• Avatar Will H. in reply to zic says:

            I admire your optimism, and sincerely wish I could take part.

            However, I’m still fighting it out in court with St. Louis County as to whether to post online the words of MLK might somehow constitute a criminal offense.
            (It was actually a “quasi-criminal” proceeding, the second one after the rules changes went into effect; and that’s how they got away with it. . . mostly . . . )
            As a resident of Milwaukee County, Wisc., my website was viewable from St. Louis County, Mo., etc. Long story, and I’d love to tell it, but not here.Report

            • Avatar zic in reply to Will H. says:

              @will-h

              I’m still fighting it out in court with St. Louis County as to whether to post online the words of MLK might somehow constitute a criminal offense.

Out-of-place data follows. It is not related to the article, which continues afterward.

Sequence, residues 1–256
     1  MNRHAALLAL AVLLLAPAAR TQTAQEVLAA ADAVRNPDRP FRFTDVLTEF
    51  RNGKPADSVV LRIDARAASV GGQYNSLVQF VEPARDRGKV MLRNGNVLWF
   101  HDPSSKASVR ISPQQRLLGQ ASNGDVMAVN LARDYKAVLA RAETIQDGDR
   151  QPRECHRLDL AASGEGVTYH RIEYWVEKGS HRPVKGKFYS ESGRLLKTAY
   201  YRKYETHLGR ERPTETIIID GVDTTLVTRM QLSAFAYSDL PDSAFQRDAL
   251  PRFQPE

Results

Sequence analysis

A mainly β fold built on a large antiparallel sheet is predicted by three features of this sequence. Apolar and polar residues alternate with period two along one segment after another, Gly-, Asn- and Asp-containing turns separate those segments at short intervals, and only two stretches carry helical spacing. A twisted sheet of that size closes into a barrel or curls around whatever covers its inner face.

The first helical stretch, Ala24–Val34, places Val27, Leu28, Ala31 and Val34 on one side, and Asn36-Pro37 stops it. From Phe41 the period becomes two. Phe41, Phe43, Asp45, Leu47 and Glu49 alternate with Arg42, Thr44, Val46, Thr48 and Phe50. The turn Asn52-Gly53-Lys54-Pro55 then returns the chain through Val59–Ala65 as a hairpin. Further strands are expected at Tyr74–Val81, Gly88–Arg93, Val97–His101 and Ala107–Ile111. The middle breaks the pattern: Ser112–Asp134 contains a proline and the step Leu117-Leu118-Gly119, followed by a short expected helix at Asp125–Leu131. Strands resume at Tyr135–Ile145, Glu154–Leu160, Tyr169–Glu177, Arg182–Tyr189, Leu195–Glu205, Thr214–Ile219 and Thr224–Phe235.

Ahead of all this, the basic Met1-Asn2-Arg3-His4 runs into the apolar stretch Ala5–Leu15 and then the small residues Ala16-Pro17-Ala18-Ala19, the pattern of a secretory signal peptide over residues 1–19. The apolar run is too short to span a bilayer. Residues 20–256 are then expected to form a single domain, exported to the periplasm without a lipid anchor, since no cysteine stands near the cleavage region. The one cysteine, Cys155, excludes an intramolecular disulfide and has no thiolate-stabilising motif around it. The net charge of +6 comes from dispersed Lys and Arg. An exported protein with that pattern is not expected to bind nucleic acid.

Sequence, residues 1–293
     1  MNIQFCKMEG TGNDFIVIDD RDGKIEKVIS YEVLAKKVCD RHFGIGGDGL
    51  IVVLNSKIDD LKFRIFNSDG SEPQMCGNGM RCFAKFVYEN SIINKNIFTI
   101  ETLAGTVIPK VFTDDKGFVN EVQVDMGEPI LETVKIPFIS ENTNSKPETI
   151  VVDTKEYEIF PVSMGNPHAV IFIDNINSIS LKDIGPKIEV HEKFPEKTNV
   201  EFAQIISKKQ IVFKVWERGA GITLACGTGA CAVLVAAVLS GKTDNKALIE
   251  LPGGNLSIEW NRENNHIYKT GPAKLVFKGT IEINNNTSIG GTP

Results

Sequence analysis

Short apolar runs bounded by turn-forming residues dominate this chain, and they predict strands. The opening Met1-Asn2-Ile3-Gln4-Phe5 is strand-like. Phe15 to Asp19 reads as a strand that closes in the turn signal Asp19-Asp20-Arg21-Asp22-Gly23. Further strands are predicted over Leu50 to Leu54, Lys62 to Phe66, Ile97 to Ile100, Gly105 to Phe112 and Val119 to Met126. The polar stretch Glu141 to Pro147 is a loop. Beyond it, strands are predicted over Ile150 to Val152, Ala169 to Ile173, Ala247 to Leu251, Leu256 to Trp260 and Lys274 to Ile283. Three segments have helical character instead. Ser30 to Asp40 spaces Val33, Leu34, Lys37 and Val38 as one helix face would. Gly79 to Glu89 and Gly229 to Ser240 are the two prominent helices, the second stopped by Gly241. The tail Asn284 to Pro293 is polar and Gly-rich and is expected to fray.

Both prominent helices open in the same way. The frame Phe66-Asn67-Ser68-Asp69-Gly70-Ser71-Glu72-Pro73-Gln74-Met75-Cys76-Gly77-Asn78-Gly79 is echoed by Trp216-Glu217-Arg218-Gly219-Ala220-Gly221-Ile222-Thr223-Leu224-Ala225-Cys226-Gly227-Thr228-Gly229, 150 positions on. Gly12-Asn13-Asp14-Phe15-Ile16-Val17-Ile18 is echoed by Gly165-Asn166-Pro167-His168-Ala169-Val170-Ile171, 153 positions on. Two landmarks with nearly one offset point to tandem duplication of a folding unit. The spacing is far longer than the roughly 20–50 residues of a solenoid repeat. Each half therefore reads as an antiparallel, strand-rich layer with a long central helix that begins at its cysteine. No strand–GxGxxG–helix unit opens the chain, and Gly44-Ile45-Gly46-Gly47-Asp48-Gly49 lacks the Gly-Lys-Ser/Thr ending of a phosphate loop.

the mind boggles.

              Have you spoken with anybody at the ACLU? Because the legal process is that rules that are a violation of free speech (government here would be doing the violating, so it actually would be a violation,) are meant to be challenged in our court system. That’s how the system works, or so reading legal writing here have taught me.

              (Thanks, lawyers and future judges. No sarcasm intended.)Report

              • Avatar Will H. in reply to zic says:

                the mind boggles.

                That’s what I was thinking.
                And believe me, my mind is still boggling.
                But I can see why Ferguson had to happen. It was required to, because no one thought nothing of it when the guy from Milwaukee was prosecuted for posting the MLK.